Secondly, electric vehicles. God, aren’t I darn tired of the government’s lethargic and tired approach to this sector. I am running out of patience with the government for not doing anything grandiose on this front for the last 5 years or so. For a leader to be a leader they need to lead from the front. Modi dreams to be this global leader of stature akin to POTUS if not Angela Merkel but honestly speaking I don’t see that happening because of this relaxed approach to considerably everything futuristic. Back to point though, the FM did mention the creation of a framework for battery swap technology and when I researched about it what I found was not pretty. Tesla ditched this technology despite having developed it way back in 2013 after finding dismal interest from the 200 customers it had invited for a pilot test of the technology, which is saying something. It has deemed the technology a logistical nightmare, expensive to set up, and difficult to maintain and build. Instead, the superchargers developed by the company allow for charging times as fast as that of gasoline with their V3 overcharge facility allowing 250km worth of recharging in as less as 15 minutes. On the other hand, Chinese automotive giant Nio successfully rolled out a battery swap infrastructure for its EV models with initial customer participation reaching as high as 4 million battery swaps as of September 2021. This while a positive for the government’s policy doesn’t take into account the considerable literacy, skill, and infrastructural gap between India’s and China presently. Where one is a developed economy accustomed or rather educated about the workings of this infrastructure the other is a relatively illiterate country with poor know-how of new-age tech amongst the larger populace. Also, consider for a moment the state of security in our nation which could and shall put this entire plan in jeopardy. The batteries that would be stored at the battery swap stations won’t be just worth tens of thousands of rupees but rather tens of lakhs of rupees, and in that multiple many people would see an easy way out of their poverty or dire situation, which I wouldn’t be surprised to see happen often. Understaffed police stations furthermore compound this safety conundrum that China wouldn’t be facing, at least of this magnitude, because of the strict laws and quite able police forces.
Moreover, the logistics and financial implications aren’t going to be as simple as that of charging as well because you cannot have a price index or a set price per/km in this system. I mean the government could set up a subscription service in partnership with the private sector to fund, grow, and maintain this network, but that alone would make the whole point of this technology’s affordability moot. What surprises me the most is that the budget speech did not dive deep into any of these implications or if that’s asking too much then it could have at the very least mentioned what this framework would like and by when they hope to see it ready and functional. This just makes me question the government’s intentions towards setting up a world-class EV ecosystem that would make this demographically attractive market financially attractive in this sector as well. The government’s silence is not helping things either.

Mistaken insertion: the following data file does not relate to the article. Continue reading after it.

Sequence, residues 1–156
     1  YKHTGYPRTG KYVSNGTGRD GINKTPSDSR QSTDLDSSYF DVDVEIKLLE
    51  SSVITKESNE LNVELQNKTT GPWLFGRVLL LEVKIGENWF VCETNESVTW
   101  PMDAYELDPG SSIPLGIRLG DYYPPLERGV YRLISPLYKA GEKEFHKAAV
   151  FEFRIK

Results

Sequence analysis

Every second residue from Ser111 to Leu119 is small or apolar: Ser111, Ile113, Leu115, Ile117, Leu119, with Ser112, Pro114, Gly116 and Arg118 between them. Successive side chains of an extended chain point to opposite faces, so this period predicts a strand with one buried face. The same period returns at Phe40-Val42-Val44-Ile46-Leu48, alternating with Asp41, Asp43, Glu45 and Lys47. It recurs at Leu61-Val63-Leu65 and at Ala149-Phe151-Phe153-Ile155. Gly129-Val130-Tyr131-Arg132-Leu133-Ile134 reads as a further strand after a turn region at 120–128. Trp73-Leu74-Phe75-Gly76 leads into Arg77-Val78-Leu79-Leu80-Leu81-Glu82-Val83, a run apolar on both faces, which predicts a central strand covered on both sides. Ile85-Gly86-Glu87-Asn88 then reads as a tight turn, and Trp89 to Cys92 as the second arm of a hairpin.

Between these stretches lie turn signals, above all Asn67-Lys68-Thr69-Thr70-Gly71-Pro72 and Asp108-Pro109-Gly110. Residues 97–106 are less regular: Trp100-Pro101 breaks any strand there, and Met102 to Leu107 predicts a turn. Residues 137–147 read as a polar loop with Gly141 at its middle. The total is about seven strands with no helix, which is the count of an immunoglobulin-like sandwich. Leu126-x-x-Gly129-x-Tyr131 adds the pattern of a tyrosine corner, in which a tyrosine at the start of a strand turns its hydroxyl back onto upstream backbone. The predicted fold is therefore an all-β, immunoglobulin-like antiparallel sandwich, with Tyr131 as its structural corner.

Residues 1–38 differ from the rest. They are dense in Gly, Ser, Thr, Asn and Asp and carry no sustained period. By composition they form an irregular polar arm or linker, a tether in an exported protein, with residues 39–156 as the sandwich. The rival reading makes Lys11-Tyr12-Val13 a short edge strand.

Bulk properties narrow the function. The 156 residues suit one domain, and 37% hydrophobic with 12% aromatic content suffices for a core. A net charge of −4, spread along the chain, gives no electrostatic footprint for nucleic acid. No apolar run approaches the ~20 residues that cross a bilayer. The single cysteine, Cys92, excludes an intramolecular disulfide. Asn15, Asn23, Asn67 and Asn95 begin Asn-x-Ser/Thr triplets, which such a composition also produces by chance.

What I just don’t understand is why the government is unwilling to invest in the R&D of supercharger technology like Tesla or much simply an agreement to outsource this from Tesla itself, a more than enthusiastic and stable potential partner for the GoI. Tesla’s tech is unrivalled in the industry and couple that with their consistent updates to the technology ensures that not only would we have the most reliable technology in the nation but also very the latest and meanest. The company had clarified in response to Nio’s battery swap technology that most of their customers charge their cars overnight at home for their daily commute and in case of the occasional road trips, the company’s Supercharger network is a convenient affordable solution in comparison to the battery-swap’s subscription cost. Honestly, that is a very very comfortable arrangement because just like my phone my car could be charged overnight and when I do need a refill midway on that occasional road trip I could schedule my customary break along with my car’s charging schedule. That’s doesn’t sound half bad to me. Plus, this way I wouldn’t always find the need to visit a store to get my batteries recharged as would be required for the battery swap technology, which is extremely cumbersome for me.
What do you think? Let me know in the comments below.
The government’s willingness to launch a digital rupee on such a rapid timeline, faster than peers at the Fed and BoE at least, makes me wonder why this kind of a cutting-edge mentality was amiss from the rest of the budget. Sitharaman talked big, made a whole bunch of promises but forgot the most important thing: focus. The budget was all over the place and, while, one cannot expect a simpleton budget for a country as large and diverse as ours I would have loved to see a clear trajectory, strategy, and focus present. We do not have the best record when it comes to executing our budget so clarifications on the strategy front would have been welcome. Yes, the budget tick marks the areas requisite for sustained growth over the next decade or so but it doesn’t prepare us for global dominance. For global dominance, we need to think like our Chinese and Western peers i.e. we need to think ahead, be innovative, and futuristic.